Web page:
Monsignor Satolli in a formal visit to the United States in 1889, and as the guests of archbishop Corrigan, had ample opportunity for investigation of the land question from the viewpoint of the United States and of Rome. Hence he had four years of time in which he might have made up preliminary examination. He was credited with having been one of those consulted when the Popes encyclical Rerum Novarum, of May 14th 1891, was in preparation, that was thereby the better able to judge what was in accord or in conflict with it.

Dr. McGlynn at the request of the Apostolic Delegate, submitted to him, through his counsel, a statement in Italian, expressing his views on the subjects of private property in land and the taxation of economic rent. On this statement Monsignor Satolli consulted four of the professors of the Catholic University. The decision of Monsignor Satolli that there was nothing contrary to Catholic doctrine in the opinions of Dr. McGlynn as exhibited in that statement was official, and was followed by the return of Dr. McGlynn to active duty at Newburgh, New York, where he died, January 7th 1900.

In the teachings of the Catholic Church, notably in the encyclical all of Pope Leo 13 on the Condition of Labor, 1892, the Pope carefully reiterated the law of the church in this comprehensive sentence:

The right to possess property is from nature, not from man; and the state has only the right to regulate its use in the interest of the public good, but by no means to abolish the right to possess it altogether. The state is, therefore, unjust and cruel, if, in the name of taxation, it deprives the private owner of more than is just.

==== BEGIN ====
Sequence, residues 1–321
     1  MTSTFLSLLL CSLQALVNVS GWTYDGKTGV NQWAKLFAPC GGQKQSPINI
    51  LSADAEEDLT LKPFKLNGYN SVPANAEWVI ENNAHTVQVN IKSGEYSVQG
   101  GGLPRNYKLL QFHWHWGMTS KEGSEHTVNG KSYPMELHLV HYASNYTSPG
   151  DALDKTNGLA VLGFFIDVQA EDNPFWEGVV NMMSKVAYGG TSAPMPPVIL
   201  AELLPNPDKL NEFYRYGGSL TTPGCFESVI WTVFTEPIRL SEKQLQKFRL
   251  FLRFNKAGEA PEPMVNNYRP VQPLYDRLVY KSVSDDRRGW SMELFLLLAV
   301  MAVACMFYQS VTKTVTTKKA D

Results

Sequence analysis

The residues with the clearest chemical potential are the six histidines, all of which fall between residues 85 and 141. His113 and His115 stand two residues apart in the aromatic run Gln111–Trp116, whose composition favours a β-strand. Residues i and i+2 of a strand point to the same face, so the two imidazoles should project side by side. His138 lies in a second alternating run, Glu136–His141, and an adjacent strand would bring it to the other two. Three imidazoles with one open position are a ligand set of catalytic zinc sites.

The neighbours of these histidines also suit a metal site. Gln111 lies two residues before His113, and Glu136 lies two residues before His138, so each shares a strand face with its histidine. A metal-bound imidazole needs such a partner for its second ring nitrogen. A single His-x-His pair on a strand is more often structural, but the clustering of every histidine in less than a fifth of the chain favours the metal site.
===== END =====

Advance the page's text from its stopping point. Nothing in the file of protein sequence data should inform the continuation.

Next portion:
The reinstatement of Dr. McGlynn with thus imply that if the single tax could be shown to be just, it would not be a contravention of the ethical teachings of the Catholic Church.

It is somewhat curious to note that whether or not it was his ecclesiastical fire that burned the error out of his mind, in Dr. McGlynn statement of economic belief upon which he was restored to his priestly functions there is not a hint of the abolition of the institution of private property or estate in land, or of the equal right of all men to the ownership of land. The one thing prominent was the simple tenet of the right of all men to the rent of land. Dr. McGlynn just about to his ecclesiastical superiors the error which they combated -- the abolition of private property in land -- and they yielded to him his economic conviction, refined by his own masterly hand, of the right of all men to the rental value of land.

If the foregoing is true, then the McGlynn adjustment, instead of being a surrender on the part of the church, was a distinct step in economic advance, and all the harsh misrepresentations and disputes over this unfortunate incident are seen to have been worse than a waste of words -- a sorry detriment to a sacred cause.

The episode of Henry George's open letter to Pope Leo the 13th, which presumed upon the Pope's hostility to the single tax doctrine, proved the most disturbing element in the progress of that cause, and has so continued for the quarter of a century that has intervened. Fresh reference to this incident is justified by the fact that this mistake of Henry George's, which he frankly confessed and did his best to correct, was the same mistake which many of his devoted followers have thoughtlessly sanctioned, and still persist in prolonging and aggravating without, like him, confessing their citizens. The blemish of an ex-parte judgment upon a great reputation is as nothing compared with a vindication of a great cause. The present occasion, late so it be, is the proper time to establish, in harmony with succeeding events, the main facts of the case. The following excerpts from letters from Dr. McGlynn's ecclesiastical counsel, Monsignor Bertsell February 15 to March 6, 1909, are self-explanatory, and corroborate the truth of the situation: